The seven wild dogs released into the Balule Private Nature Reserve in May last year have settled in well, producing two litters of pups. However, not all has been plain sailing, and some conflict has arisen along the way between the wild dogs and landowners in the area – a common problem in many wild dog reintroductions.
The conflict has led to negative remarks being made to those heading up the re-introduction, as well as the loss of the second litter of pups after they had to be relocated from the den they were born in. The wild dogs released into Balule came from Marakele National Park and Madikwe Private Nature Reserve under the supervision of the Wild Dog Advisory Group (Wag).
The initiative to reintroduce the dogs was spearheaded by Andy Dott of Drifters Adventours, who provided the start-up funding. Ellery Worth, manager of Drifters Game Lodge, coordinated the dogs’ arrival on Balule and has been monitoring them since their release. The wild dogs form part of a national effort to reintroduce the endangered carnivore back into wild, as members of a metapopulation.
As wild dogs utilise very large tracts of land, the Kruger National Park is the only place in South Africa that can accommodate sufficient packs of dogs to be considered as a viable population. A meta-population consists of several small populations that are managed as a single population.
In South Africa there are eight official meta-population sites, along with some other reintroduction sites that are managed on a more ad hoc basis. Some of the fenced private nature reserves in the country provide suitable homes for one or two packs each, and Wag coordinates the relocation of offspring between the meta-population sites to prevent inbreeding.
Soon after the dogs were released from an acclimatisation boma in Balule, they produced a litter of eight pups. The dogs roamed throughout Balule Private Nature Reserve and also went into the adjoining Klaserie Private Nature Reserve. A GPS collar on one of the dogs has shown the dogs briefly venturing further east into the Timbavati and Umbabat Private Nature Reserves.
Since the release of the dogs, one pup was lost in an encounter with a lioness in the Klaserie, while three others of the pack were lost in the Olifants West Game Reserve, a part of Balule. This loss caused the remaining eleven dogs to split up into two packs of mixed adults and yearlings.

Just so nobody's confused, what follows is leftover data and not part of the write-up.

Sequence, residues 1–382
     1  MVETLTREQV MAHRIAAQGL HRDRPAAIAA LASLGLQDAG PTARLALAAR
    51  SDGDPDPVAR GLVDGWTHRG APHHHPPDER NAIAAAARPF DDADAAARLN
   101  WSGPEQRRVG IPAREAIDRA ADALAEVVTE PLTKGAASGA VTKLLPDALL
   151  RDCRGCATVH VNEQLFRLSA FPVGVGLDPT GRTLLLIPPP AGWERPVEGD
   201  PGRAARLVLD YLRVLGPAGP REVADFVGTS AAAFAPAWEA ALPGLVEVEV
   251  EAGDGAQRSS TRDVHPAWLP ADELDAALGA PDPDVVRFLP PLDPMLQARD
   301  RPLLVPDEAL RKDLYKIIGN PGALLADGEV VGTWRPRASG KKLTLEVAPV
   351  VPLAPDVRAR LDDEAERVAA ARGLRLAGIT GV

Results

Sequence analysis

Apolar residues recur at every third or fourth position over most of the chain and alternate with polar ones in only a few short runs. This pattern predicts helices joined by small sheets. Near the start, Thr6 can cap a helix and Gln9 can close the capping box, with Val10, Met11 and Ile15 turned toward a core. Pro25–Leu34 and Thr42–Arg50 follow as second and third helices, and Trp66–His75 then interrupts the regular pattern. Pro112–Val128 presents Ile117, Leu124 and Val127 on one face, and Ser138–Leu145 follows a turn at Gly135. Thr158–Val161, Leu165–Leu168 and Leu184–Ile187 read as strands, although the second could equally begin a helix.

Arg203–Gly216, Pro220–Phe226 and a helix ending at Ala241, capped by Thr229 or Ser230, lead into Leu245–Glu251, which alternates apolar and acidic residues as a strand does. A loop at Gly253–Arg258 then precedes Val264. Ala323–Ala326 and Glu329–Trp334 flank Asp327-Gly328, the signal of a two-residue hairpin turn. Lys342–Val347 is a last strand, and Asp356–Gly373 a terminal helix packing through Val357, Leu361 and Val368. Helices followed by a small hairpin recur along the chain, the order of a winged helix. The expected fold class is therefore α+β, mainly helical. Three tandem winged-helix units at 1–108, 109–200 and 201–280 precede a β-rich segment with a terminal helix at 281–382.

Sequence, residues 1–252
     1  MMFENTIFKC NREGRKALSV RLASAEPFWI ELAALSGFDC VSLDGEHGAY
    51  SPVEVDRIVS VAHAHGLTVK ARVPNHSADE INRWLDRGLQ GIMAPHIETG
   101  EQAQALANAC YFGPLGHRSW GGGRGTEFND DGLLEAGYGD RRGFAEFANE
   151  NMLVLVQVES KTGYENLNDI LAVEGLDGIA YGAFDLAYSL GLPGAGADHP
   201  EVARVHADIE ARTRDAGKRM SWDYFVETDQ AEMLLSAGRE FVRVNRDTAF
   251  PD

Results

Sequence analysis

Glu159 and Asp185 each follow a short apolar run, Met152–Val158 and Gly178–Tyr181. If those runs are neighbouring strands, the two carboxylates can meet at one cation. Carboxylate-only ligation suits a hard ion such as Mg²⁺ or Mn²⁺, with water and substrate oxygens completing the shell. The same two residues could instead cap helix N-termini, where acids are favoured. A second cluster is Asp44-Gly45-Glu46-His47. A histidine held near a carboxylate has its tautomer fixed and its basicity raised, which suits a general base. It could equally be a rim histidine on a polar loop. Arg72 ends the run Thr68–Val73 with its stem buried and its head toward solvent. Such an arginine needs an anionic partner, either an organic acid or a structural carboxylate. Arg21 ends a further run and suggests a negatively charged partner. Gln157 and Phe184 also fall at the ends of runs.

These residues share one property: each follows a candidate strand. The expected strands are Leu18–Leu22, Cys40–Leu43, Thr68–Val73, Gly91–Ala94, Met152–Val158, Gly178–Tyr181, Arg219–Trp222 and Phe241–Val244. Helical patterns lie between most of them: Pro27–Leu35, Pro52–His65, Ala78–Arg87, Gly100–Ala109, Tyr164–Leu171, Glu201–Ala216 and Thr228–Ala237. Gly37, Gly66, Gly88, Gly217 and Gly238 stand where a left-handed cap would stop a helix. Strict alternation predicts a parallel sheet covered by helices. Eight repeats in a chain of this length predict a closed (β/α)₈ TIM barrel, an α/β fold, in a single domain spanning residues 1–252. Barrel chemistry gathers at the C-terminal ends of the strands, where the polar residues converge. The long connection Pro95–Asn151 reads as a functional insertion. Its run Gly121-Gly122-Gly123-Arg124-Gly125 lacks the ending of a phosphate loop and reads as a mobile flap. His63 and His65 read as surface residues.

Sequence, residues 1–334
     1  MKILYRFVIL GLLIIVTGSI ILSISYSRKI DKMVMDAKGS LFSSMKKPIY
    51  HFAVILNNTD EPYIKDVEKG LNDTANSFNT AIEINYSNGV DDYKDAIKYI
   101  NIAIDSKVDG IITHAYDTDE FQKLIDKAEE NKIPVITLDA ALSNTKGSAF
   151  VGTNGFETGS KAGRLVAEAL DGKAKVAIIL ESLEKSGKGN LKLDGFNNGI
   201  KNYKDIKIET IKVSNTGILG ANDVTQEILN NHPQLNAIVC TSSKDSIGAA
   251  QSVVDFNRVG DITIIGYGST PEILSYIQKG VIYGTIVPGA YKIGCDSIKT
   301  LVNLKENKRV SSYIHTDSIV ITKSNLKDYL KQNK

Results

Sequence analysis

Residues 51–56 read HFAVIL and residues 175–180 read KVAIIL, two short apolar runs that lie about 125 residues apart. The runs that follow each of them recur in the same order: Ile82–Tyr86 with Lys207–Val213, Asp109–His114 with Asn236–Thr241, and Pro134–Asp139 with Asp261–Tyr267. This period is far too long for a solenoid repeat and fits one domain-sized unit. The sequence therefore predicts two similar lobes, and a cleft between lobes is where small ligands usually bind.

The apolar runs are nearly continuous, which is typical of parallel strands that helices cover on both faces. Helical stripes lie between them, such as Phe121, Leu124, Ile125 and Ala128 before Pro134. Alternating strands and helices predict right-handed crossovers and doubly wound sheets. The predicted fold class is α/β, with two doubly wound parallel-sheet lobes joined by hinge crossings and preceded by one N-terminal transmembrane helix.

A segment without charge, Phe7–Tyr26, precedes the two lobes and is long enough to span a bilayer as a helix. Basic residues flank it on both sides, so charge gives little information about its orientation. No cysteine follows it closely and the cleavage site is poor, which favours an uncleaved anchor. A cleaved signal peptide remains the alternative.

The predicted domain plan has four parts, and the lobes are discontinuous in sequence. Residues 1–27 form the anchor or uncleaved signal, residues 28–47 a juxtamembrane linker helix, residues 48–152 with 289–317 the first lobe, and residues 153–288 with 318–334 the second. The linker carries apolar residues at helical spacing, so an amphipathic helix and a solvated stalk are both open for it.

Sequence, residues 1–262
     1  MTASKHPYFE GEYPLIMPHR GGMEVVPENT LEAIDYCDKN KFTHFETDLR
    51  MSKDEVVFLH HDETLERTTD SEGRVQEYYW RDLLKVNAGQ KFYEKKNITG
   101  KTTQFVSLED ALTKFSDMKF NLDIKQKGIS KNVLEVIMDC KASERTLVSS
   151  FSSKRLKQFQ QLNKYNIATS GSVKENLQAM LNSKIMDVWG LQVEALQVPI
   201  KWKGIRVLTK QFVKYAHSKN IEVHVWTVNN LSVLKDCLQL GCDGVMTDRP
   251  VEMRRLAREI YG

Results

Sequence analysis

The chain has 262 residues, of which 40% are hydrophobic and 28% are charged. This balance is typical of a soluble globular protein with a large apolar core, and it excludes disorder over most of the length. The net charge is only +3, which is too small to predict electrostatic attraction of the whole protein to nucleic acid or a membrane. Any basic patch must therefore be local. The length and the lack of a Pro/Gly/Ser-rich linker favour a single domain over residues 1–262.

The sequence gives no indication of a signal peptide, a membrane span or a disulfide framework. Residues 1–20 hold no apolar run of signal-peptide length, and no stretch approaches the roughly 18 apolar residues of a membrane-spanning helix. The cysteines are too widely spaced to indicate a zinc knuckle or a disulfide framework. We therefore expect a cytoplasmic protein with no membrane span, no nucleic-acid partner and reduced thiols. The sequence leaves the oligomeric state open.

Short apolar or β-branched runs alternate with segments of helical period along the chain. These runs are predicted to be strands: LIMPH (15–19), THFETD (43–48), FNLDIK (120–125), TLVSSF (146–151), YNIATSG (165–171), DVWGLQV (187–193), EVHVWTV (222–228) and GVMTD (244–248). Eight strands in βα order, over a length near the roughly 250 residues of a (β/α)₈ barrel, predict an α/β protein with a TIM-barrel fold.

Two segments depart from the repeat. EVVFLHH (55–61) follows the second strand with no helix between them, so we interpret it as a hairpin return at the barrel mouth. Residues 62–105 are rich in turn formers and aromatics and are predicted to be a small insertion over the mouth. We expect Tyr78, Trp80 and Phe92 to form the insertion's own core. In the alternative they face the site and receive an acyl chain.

Ellery reports that over the 18 months since the reintroduction, “There have been many highlights, with impalas being chased in the trophy room of Mohlabetsi, the swimming pools of Drifters and Amakelo Lodge; kudu and impala through camps, staff quarters and local residences both in and out of the reserve.”
However, when five of the Balule wild dogs chose a den site to produce their second litter of eight pups, the area they picked lay in a piece of land fenced out from the nature reserve. This area was popular with the dogs because they could readily chase their prey into the fences to get an easier meal than normal. As the farm was used more for hunting than eco-tourism, the dogs’ appetites could prove costly to the landowner. As a result, the dogs had to be removed from their den and taken to an alternative den site in the nature reserve itself.
According to Harriet Davies-Mostert, the chairperson of Wag, “This technique has been used in the past by the authorities to resolve conflict on farmland: in these cases the pups are usually dug up and taken into captivity, and the adults then generally move off once the pups are removed.
In the Balule case, we felt that taking the pups into captivity was less preferable to at least giving the pack a chance to raise them successfully (there are a large number of wild dogs currently in captivity and resources for captive dogs are limited) and so it was decided to relocate them to another area of Balule.”
Despite the hard work by the staff of Balule, Drifters and the Endangered Wildlife Trust, the relocation was not entirely successful and the pups have not been resighted since although the adults have. Sightings of the wild dogs have continued, with dogs being seen far south of the original release site, venturing onto the Hoedspruit Air Force Base’s property, as well as communing with the wild dogs at the Hoedspruit Endangered Species Centre. With their movements out of Balule the dogs have increasingly come into areas with different land uses, making them more likely to end up in conflict situations.
Fences clearly do not pose an entirely effective barrier to the dogs’ movements, and there are a number of hunting farms or game breeding farms in the area where the dogs’ arrival would not be welcomed. Their movements have also taken them onto major tar roads, increasing the likelihood of pack members being killed by cars.
However, not all wild dog sightings outside of Balule may be individuals from the pack reintroduced onto Balule, as a scientific survey revealed that more dogs survive outside of protected areas than was initially thought possible, especially in areas west of Kruger. Between 1996 and 2002, numbers of dogs outside protected areas are thought to have fluctuated between 42 and 106.
With this in mind, Harriet Davies-Mostert encourages anyone sighting the dogs to take photographs of the animals. The dogs’ unique markings make them relatively easy to identify, and individuals can be compared with a database of known animals.
Anyone spotting wild dogs in the greater Hoedspruit area is encouraged to contact either Ellery on 083 453 1613 or 072 393 6327 or Harriet on 011 486 1102. Due to email constraints, photos of the animals are best sent to Harriet at email@example.com